Zion found a torpedo tube. He pushed the “auto fire” button then squished into his shell as he slid into the cylinder. Before he knew it he was flying through the sky again…
KERTHUNK! His landing shook the ground. (After medical attention, the ground recovered). Zion was home!
Zion decided to live happily ever after, in a nice cottage. But later that decade, he had another thirst for adventure. So he grabbed his drink bottle…
[Untitled] by Eva Mariske de Boer, 14
Echo trotted across the lawn and ducked under the wisteria-draped pergola. Hawk lowered himself down, belly fur brushing the grass, and crept to the other side of the garden, sniffing the breeze cautiously.
A group of brutes often made on raids of their quiet yard. They could be anywhere. They could already have stolen that nights’ prey. He nosed under a bush and scaled the fence, wood splintering as he accelerated upwards. Hawk sniffed the breeze again and sprang into the spreading cedar tree. Echo was already there.
“Nothing on my side,” Echo reported, licking a silver forepaw.
“Good,” he nodded. Then he stopped. Sniffed. He knew that smell.
They leapt out of the tree just as countless cats crashed through the branches, eyes glowing maniacally, claws glinting. They poured down the trunk, caterwauling.
Echo and Hawk dashed across the lawn. The mob was gaining on them, their rank breath on their heels. They rocketed through their flap and pressed themselves up against it to stop the mob from breaking through. Fangs and matted pelts jammed up against the glass.
“Get. The. Hoomun.”
“I can’t just leave you here!”
“Go!” Hawk snapped, shoving her away from the flap.
Echo scampered down the hall, yowling for their hoomun. Hawk stayed by the flap, muscles straining. Then he felt a paw reach through the flap. Hooked claws pierced his flesh. He roared in pain as the claws sliced downwards. Blood gushed from the wound.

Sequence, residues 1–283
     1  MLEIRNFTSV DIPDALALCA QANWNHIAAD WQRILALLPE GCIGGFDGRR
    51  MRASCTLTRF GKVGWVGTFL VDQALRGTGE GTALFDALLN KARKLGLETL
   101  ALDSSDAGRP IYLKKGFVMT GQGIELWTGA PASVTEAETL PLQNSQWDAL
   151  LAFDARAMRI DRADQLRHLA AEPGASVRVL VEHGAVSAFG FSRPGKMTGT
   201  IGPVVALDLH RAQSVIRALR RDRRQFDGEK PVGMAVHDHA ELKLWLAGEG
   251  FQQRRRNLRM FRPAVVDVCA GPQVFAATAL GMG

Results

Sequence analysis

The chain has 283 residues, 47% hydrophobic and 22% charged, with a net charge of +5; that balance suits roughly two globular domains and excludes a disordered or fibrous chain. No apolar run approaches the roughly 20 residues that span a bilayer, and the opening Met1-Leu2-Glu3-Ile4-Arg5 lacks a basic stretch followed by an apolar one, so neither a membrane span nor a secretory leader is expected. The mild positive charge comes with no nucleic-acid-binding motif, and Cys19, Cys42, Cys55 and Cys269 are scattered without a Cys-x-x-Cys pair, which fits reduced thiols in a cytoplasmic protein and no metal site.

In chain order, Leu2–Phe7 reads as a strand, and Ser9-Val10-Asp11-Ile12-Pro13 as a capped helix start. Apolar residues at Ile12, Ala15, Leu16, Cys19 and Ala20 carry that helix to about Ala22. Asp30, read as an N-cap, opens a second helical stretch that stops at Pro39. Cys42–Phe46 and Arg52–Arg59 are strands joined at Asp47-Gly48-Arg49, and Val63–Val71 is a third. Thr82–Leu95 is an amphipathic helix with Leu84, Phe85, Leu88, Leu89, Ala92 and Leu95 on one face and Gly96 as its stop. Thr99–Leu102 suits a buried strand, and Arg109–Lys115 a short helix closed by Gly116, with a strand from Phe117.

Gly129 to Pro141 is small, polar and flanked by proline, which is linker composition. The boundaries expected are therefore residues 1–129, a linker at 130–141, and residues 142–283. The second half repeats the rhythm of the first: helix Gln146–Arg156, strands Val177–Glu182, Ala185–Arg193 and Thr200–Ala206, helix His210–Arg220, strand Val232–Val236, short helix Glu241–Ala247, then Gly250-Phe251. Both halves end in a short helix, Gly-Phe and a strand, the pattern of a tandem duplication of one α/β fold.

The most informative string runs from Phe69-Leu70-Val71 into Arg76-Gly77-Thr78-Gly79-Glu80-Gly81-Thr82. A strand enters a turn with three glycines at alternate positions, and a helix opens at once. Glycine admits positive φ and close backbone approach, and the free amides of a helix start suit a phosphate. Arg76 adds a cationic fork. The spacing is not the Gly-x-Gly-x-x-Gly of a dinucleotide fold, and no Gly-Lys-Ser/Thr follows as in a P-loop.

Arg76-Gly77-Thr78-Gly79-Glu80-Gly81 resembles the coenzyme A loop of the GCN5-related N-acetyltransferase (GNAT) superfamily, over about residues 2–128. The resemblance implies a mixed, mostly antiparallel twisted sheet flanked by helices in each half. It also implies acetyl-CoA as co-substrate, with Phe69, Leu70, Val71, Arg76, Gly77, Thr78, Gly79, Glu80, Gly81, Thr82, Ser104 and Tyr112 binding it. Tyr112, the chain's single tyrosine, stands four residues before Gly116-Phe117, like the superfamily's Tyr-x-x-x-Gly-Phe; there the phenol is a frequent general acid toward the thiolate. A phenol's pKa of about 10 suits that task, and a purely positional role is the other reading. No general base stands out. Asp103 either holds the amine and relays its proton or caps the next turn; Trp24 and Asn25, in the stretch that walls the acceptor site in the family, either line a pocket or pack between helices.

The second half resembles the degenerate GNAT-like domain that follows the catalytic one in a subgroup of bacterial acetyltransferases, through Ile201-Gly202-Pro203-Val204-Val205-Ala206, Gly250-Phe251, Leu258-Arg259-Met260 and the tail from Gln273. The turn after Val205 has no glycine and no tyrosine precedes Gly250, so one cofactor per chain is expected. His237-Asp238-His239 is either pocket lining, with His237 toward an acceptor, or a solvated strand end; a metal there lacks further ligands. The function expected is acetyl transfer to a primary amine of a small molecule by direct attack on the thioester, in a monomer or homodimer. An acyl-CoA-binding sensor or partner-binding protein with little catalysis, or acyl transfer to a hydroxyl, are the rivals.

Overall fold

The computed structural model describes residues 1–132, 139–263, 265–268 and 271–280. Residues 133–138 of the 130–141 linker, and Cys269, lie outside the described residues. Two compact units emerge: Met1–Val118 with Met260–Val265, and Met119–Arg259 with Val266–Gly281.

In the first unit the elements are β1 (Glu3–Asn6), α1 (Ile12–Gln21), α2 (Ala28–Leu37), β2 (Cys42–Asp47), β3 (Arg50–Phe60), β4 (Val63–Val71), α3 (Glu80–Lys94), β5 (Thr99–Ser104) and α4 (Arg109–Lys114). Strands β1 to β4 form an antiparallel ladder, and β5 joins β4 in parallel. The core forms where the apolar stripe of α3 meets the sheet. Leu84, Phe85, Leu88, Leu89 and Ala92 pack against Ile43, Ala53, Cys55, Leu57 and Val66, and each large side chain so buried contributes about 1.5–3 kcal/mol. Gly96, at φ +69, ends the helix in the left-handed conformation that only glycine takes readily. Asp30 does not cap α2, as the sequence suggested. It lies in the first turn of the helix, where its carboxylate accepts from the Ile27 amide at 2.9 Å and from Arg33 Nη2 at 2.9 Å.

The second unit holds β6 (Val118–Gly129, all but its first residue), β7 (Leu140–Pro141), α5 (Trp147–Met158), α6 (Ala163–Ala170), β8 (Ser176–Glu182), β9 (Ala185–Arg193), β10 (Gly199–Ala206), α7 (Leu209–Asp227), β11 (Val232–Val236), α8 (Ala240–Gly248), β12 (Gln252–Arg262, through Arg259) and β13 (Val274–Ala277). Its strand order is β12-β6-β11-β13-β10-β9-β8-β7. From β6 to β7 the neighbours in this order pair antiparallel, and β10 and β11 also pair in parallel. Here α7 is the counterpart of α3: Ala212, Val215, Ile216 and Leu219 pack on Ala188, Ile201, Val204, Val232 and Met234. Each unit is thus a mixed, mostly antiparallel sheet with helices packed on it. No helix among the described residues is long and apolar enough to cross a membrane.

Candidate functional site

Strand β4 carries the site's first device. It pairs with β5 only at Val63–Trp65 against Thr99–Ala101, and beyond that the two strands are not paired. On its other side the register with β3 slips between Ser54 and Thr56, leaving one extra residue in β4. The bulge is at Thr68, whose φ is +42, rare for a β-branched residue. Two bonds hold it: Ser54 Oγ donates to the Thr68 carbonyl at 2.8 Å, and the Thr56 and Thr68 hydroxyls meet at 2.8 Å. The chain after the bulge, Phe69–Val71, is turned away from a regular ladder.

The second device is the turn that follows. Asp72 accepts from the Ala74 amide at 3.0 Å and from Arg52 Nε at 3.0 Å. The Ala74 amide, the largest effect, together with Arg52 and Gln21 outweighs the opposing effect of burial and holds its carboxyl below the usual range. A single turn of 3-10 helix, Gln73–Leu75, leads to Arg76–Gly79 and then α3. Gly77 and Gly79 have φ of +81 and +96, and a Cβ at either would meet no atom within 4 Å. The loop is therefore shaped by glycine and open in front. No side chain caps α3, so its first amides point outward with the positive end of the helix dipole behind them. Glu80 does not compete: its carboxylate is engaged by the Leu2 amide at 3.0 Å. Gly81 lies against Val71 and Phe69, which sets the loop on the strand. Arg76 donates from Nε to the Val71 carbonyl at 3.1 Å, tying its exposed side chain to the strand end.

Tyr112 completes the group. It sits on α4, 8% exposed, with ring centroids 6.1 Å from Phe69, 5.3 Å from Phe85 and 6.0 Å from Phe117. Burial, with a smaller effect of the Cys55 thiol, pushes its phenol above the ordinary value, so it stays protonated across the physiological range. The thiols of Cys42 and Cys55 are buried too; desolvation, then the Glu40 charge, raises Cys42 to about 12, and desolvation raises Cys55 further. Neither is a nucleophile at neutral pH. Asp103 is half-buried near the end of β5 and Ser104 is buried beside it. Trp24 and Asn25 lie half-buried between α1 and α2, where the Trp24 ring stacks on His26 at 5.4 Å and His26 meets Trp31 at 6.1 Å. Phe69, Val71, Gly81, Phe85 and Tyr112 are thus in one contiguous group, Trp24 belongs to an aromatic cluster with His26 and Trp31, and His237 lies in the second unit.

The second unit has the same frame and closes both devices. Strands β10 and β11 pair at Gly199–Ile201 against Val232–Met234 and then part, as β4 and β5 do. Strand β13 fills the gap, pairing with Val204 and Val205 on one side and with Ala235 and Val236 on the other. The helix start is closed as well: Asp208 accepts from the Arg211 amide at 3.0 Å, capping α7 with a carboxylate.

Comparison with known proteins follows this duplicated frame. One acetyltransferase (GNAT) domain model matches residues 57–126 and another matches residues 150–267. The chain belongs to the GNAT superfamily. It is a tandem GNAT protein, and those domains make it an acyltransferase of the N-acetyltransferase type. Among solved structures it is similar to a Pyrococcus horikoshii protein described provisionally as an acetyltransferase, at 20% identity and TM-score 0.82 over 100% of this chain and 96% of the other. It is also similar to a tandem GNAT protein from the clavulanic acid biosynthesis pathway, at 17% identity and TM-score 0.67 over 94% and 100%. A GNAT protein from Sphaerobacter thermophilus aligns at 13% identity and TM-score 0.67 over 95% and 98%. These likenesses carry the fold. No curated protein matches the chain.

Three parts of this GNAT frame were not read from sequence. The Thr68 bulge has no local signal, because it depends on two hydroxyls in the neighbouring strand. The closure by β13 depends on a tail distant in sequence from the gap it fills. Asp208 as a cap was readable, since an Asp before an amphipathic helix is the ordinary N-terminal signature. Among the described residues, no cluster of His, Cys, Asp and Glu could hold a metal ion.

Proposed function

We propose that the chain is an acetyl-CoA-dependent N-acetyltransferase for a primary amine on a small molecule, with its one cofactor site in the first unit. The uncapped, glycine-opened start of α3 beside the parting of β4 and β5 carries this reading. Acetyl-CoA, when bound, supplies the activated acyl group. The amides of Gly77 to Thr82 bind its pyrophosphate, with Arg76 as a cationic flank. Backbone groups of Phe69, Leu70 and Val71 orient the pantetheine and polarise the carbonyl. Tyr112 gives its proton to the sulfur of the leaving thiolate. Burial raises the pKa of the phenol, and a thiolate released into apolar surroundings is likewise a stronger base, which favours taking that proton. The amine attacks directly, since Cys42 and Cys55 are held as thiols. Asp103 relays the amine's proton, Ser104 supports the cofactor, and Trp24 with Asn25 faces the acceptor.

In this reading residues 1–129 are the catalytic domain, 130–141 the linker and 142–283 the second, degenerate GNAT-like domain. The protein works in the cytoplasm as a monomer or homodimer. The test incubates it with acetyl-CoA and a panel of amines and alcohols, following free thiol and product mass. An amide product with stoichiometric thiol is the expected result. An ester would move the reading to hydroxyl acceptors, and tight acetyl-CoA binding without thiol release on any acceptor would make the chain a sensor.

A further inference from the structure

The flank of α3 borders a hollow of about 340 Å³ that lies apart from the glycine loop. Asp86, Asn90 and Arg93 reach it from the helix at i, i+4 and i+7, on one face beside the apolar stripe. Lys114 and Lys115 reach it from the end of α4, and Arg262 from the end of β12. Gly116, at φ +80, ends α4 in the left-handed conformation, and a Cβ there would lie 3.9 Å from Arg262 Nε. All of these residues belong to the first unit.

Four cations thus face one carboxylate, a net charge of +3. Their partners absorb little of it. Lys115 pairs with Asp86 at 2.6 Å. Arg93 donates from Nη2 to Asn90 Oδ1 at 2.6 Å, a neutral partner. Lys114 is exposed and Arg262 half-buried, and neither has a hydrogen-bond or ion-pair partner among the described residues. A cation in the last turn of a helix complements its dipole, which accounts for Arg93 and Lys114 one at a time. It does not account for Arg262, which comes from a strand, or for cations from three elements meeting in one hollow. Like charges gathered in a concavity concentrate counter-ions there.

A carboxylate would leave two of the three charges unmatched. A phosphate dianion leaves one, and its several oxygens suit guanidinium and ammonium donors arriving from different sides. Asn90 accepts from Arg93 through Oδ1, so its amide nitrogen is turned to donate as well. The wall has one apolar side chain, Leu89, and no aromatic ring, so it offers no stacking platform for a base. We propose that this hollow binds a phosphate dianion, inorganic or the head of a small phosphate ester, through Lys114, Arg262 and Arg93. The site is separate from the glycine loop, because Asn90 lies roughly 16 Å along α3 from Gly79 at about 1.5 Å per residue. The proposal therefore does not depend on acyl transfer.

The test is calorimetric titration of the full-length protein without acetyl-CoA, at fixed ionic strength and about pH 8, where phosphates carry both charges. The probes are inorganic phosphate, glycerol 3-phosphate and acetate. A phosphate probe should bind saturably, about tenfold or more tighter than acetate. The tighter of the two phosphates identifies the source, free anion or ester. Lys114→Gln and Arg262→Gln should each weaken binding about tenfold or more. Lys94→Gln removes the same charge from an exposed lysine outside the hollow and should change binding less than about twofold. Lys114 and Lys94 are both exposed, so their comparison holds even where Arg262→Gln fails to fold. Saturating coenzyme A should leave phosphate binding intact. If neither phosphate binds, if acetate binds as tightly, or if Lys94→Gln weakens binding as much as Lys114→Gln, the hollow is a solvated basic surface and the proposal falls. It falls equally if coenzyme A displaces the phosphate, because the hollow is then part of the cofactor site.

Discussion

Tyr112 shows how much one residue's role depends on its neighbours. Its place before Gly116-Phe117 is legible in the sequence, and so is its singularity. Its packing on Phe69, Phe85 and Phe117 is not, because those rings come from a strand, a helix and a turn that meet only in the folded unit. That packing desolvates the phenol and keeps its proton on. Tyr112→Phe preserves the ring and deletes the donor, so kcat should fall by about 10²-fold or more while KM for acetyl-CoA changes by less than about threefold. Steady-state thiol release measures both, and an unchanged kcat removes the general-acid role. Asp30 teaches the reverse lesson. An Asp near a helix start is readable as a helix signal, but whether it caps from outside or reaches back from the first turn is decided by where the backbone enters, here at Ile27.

He heard trudging steps in the hall. The light clicking on. A gasp from the hoomun. A clang of metal on glass – the frying pan? A screech and retreating pawsteps. Echo licking his wound. The hoomun leaning down, cooing tenderly. The click of the cat flap lock.
“It’s okay, Hawk,” Echo whispered. “They’re gone.”
Escape by Emma Bower, 12
Lion hoped he was riding a trustworthy horse; in this dark it could see better than him. Scratchy reins tore at Lion’s hands. He didn’t dare stop. Didn’t dare look behind him. He had no way of knowing where he was. No way of knowing where they were. All he could do was ride. If he kept riding, they wouldn’t catch up. He hoped. He had no way of knowing for sure.
Frost was behind him. Lion didn’t respond. There was no knowing who might hear him.
He turned. He could just make out Frost’s ragged plaits. “What?” Lion kept his voice a murmur. Lion saw her glance behind.
“I heard something.”
Bushes rustled. Lion’s hair prickled. The horse pawed the ground. “Go faster.”
And then it came. The horn. They had been followed.
“There they are!” came a cry. The horn again. Shadowy figures in every direction. Wind roared in Lion’s ears. His thoughts were a blur. He never knew a horse could be so fast. Its hooves were constantly drumming.